Sandy said they were often able to coordinate merit badges to work hand-in-hand. Nate grew corn stalks to get a plant science badge. He sold the stalks for his entrepreneurship badge. He started a dog-walking business for his American business badge and to earn money for more badges.

A combination of new badges and discontinued badges, plus four limited-time badges for the BSA’s 100-year anniversary, gave Nate 132. The BSA currently offers 127 merit badges.

Badge after badge was finished, signed off and added to the crowded sash to display Nate’s work. That same work helped change his circumstance. Nate’s well aware of his limitations but said “miracles happen.”

“As I would sit down with him over the years, his abilities had improved and increased,” Elder said about passing off merit badges with Nate.

Sandy agrees.

“He’s so much more confident. It’s like he’s growing up, coming into himself,” Sandy said. “He just knows what to say now.”

Nate has plenty to say in his writing. In his blog, “The Art of Autism,” he wrote, “I made this blog myself and I want it to be talking about how autism can be an awesome thing in life.” His posts are about everything from his fears to particular badges. He also writes books. He wants to write a Scouting series, a book for every badge.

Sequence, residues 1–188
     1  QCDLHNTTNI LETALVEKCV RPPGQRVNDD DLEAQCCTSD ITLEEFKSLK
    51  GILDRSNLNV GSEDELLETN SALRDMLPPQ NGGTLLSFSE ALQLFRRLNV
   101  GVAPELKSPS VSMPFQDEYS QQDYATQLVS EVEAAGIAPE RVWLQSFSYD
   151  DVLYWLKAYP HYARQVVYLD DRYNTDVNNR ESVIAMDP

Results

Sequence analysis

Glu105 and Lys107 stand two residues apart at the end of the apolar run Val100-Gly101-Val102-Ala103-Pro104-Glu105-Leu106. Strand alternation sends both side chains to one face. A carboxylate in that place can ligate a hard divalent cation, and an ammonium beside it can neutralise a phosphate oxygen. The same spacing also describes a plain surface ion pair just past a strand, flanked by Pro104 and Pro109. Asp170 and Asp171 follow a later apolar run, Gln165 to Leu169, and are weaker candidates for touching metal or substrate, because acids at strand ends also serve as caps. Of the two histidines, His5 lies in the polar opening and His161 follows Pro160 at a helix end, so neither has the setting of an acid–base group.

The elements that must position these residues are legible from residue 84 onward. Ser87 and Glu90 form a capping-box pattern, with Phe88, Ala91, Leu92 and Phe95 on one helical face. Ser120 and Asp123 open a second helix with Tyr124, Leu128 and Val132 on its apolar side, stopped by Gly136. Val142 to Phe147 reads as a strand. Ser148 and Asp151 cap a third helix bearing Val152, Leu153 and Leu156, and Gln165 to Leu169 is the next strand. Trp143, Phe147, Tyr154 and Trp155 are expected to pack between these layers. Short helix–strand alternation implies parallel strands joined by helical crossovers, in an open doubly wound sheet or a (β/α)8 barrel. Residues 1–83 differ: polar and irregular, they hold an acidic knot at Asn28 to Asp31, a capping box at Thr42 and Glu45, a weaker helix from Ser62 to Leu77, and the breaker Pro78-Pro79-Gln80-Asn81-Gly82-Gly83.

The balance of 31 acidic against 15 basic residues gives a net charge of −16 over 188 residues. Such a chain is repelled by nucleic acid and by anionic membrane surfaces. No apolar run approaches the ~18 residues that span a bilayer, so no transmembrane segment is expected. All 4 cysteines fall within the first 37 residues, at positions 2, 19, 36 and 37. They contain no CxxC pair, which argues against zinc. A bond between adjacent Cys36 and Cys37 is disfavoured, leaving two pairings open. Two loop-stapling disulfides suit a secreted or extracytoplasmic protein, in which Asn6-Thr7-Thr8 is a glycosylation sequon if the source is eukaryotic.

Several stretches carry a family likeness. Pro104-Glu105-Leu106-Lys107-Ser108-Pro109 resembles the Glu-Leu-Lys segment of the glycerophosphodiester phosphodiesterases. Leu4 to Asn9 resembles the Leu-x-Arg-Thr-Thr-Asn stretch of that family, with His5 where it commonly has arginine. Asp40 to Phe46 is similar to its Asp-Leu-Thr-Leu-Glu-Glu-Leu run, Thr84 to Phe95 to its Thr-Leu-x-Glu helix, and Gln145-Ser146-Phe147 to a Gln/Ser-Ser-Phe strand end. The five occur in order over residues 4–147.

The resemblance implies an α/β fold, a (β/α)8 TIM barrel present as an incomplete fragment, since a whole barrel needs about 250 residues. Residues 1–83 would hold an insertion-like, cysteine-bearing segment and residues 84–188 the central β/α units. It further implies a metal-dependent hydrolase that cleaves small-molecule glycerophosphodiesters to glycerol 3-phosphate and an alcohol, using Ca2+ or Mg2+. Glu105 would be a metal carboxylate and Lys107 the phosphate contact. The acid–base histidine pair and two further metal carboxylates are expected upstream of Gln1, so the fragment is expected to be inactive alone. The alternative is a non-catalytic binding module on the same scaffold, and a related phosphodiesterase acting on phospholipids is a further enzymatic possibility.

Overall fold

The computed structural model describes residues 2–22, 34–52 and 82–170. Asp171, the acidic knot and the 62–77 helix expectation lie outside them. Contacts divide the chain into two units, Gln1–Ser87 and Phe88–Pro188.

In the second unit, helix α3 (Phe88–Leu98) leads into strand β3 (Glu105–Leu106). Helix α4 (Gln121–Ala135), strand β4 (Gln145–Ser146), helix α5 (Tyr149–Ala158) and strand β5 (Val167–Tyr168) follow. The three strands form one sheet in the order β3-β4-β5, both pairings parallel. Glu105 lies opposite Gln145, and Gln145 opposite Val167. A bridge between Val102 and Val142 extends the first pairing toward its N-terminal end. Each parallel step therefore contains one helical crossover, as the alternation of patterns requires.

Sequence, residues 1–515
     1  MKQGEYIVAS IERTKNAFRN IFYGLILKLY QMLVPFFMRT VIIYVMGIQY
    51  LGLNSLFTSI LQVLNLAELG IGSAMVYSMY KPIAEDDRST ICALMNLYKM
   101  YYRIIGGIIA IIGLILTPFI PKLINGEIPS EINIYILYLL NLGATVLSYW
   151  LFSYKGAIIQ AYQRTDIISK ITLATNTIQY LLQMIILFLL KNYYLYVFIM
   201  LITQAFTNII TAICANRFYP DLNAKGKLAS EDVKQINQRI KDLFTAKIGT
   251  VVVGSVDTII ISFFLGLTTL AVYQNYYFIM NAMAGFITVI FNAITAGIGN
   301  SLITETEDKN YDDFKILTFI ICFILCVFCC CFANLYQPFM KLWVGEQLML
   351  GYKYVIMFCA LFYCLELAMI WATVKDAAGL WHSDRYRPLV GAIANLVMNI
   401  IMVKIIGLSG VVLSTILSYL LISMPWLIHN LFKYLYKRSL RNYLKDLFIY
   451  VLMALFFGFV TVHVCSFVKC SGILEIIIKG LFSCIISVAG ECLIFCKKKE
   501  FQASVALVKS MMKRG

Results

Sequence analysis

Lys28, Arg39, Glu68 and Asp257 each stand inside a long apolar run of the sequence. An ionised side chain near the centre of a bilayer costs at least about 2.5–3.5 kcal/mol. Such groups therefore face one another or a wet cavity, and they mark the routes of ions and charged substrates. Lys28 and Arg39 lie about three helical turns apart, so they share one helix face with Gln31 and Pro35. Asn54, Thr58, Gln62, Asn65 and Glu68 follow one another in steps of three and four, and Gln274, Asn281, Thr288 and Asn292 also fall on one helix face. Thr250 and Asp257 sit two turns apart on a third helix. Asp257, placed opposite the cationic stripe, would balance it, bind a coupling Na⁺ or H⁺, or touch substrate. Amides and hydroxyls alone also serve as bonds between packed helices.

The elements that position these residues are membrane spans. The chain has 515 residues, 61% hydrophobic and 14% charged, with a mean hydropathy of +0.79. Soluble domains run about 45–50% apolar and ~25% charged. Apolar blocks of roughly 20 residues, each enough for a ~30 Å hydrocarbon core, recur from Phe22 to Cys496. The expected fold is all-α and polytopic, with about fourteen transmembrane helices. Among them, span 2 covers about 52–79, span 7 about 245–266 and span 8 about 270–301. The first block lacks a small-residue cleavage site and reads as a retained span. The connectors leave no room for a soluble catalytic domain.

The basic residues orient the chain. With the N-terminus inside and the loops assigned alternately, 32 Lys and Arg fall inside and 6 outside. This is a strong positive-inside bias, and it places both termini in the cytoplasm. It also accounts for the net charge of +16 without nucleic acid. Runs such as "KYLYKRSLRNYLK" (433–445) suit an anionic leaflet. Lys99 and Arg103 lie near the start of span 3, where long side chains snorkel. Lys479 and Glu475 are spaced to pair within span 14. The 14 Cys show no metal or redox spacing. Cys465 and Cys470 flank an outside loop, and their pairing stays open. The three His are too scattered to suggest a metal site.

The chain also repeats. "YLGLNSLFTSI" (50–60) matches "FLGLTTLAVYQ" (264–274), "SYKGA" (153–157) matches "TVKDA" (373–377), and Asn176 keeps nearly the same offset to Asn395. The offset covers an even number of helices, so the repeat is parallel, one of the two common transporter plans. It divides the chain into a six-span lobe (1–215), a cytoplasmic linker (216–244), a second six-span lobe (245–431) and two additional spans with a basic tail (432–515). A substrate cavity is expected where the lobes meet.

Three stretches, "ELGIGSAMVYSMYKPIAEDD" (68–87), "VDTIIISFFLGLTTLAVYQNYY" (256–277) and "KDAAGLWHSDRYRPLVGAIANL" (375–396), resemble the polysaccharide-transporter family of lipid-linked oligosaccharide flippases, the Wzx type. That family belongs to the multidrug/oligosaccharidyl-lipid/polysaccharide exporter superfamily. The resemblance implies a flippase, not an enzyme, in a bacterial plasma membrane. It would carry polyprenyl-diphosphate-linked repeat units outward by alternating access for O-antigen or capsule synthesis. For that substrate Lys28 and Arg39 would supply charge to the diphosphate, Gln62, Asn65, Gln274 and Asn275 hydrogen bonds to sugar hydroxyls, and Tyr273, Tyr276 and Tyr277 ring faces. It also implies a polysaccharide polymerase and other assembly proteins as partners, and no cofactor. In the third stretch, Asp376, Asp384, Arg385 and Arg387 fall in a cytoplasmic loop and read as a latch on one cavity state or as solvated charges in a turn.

“Nate’s actually an amazing writer,” Sandy said. “He’s written several full youth novel-length books, but we haven’t tried to find a publisher. We’ve been trying to finish Scouts.”

Scouting is a done deal for Nate now, but its impact will not be forgotten.

Nate said he bore his testimony at his final court of honor about “how being a Scout will always help my life.”

“I just told them I will always be a Boy Scout no matter how old I am,” he said.

Next on his list of plans is to make a special appearance, which he’s very excited about.

Nate’s been asked to appear at the Utah Kids Club “Spook-a-palooza” event on Oct. 21 and 22 at its BSA booth.

Graduating from high school is another goal he’s continually working on. In the meantime, you’ll find him at band practice, writing, singing along to his favorite “JB” (Justin Bieber) tunes or walking dogs in his neighborhood to continue his business. He’s more than “high-functioning” — he’s busy, he’s embracing his autism and he’s confident.

“That was the thing we really wanted him to learn from this because autism has a way of just beating you down, making you think that you can’t be anything,” Sandy said. “The world would have you think that, but Nate knows he can do anything now. He set a big goal, and he accomplished it. And that is amazing.”

What started as an impossible goal for an autistic boy six years ago has helped usher the boy into a promising adulthood.

“It’s been a good journey — long journey — but a good one,” Sandy said.